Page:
Judicial Supremacy or Executive Supremacy?
Constitutional dialogue, however, has been stymied in Ireland but this is not the fault of judicial supremacy; rather, this argument overlooks the exceptionally strong hold the executive branch in Ireland has had over the legislature. Strong governments have instead used legal opinion as a justification to avoid contentious issues, halting legislation at an early stage before the Oireachtas has gotten a chance to scrutinise the legislation in earnest.
Returning to the earlier example of Claire Daly’s private members bill on fatal foetal abnormalities, the constitutionality of this bill was not as clear cut as the Taoiseach suggested. There is, at present, ambiguity in Article 40.3.3° of the Constitution as to whether ‘unborn’ extends to foetuses that have no chance of surviving outside the womb. This very point was raised by the Irish Government before the European Court of Human Rights in D v Ireland. In that case the applicant was pregnant with twins and was informed by her doctor that one foetus has stopped developing after 8 weeks’ gestation and that the other foetus tested positive for Edward’s Syndrome, the median age of survival of which is 6 days. The applicant, ‘unable to tolerate the physical and mental toll of a further five months of pregnancy with one foetus dead and with the other dying’ travelled to the UK for an abortion. She did not consider any legal proceedings in Ireland as her various doctors indicated to her that they ‘appreciated that she was not eligible for an abortion in Ireland’ when she informed them of her decision to terminate the pregnancy.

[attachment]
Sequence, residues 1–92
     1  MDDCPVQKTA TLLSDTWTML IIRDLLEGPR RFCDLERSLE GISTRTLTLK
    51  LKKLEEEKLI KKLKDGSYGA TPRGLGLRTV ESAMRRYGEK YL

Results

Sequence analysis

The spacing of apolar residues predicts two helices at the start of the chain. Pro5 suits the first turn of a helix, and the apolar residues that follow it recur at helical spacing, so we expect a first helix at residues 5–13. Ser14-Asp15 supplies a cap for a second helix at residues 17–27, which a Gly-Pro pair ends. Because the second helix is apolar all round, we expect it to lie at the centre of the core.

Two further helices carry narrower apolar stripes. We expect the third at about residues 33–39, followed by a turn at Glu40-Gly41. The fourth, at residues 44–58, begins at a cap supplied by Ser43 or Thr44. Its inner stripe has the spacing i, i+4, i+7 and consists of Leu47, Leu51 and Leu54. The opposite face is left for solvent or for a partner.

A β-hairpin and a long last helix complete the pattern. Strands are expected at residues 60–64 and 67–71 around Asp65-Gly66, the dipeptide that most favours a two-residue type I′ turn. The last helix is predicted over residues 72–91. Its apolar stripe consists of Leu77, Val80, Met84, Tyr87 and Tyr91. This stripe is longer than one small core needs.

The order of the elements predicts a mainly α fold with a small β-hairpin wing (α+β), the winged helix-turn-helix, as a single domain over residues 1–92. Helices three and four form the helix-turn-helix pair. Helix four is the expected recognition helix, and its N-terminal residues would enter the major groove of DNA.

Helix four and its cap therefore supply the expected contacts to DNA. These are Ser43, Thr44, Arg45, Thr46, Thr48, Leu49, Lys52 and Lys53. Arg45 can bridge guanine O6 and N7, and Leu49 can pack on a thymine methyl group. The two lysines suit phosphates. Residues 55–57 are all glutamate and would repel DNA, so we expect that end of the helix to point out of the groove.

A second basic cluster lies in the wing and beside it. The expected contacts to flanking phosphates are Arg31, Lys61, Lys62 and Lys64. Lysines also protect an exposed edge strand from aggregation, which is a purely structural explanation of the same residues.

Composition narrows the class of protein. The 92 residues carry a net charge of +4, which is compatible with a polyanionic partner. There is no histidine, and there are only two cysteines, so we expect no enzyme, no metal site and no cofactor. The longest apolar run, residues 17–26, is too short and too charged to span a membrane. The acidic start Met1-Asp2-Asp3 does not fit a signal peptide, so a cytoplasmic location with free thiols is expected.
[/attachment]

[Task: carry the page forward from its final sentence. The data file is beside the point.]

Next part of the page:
D’s case under Article 3, 8, 10, and 14 was, however, dismissed as inadmissible by the Fourth Section of the Court on the grounds that she had not exhausted all domestic remedies. The Court upheld the Irish Government’s submission that: